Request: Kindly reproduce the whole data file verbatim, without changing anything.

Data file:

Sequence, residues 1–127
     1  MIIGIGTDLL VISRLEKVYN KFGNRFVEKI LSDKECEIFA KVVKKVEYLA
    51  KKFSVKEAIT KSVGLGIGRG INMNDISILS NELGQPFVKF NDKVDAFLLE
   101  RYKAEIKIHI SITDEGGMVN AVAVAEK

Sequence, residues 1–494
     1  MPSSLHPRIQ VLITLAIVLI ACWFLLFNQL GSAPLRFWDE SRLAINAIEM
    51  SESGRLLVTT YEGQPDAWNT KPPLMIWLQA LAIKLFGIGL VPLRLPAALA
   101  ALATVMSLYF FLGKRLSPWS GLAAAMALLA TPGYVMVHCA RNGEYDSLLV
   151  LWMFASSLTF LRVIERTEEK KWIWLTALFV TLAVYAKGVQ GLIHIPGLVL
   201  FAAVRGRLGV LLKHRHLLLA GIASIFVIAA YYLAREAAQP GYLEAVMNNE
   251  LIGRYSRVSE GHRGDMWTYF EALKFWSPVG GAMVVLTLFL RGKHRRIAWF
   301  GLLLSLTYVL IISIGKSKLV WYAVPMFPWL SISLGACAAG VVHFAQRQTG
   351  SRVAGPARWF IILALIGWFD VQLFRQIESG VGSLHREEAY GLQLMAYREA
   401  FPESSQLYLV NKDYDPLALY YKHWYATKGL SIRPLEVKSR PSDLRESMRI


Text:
Sequence, residues 1–127
     1  MIIGIGTDLL VISRLEKVYN KFGNRFVEKI LSDKECEIFA KVVKKVEYLA
    51  KKFSVKEAIT KSVGLGIGRG INMNDISILS NELGQPFVKF NDKVDAFLLE
   101  RYKAEIKIHI SITDEGGMVN AVAVAEK

Sequence, residues 1–494
     1  MPSSLHPRIQ VLITLAIVLI ACWFLLFNQL GSAPLRFWDE SRLAINAIEM
    51  SESGRLLVTT YEGQPDAWNT KPPLMIWLQA LAIKLFGIGL VPLRLPAALA
   101  ALATVMSLYF FLGKRLSPWS GLAAAMALLA TPGYVMVHCA RNGEYDSLLV
   151  LWMFASSLTF LRVIERTEEK KWIWLTALFV TLAVYAKGVQ GLIHIPGLVL
   201  FAAVRGRLGV LLKHRHLLLA GIASIFVIAA YYLAREAAQP GYLEAVMNNE
   251  LIGRYSRVSE GHRGDMWTYF EALKFWSPVG GAMVVLTLFL RGKHRRIAWF
   301  GLLLSLTYVL IISIGKSKLV WYAVPMFPWL SISLGACAAG VVHFAQRQTG
   351  SRVAGPARWF IILALIGWFD VQLFRQIESG VGSLHREEAY GLQLMAYREA
   401  FPESSQLYLV NKDYDPLALY YKHWYATKGL SIRPLEVKSR PSDLRESMRI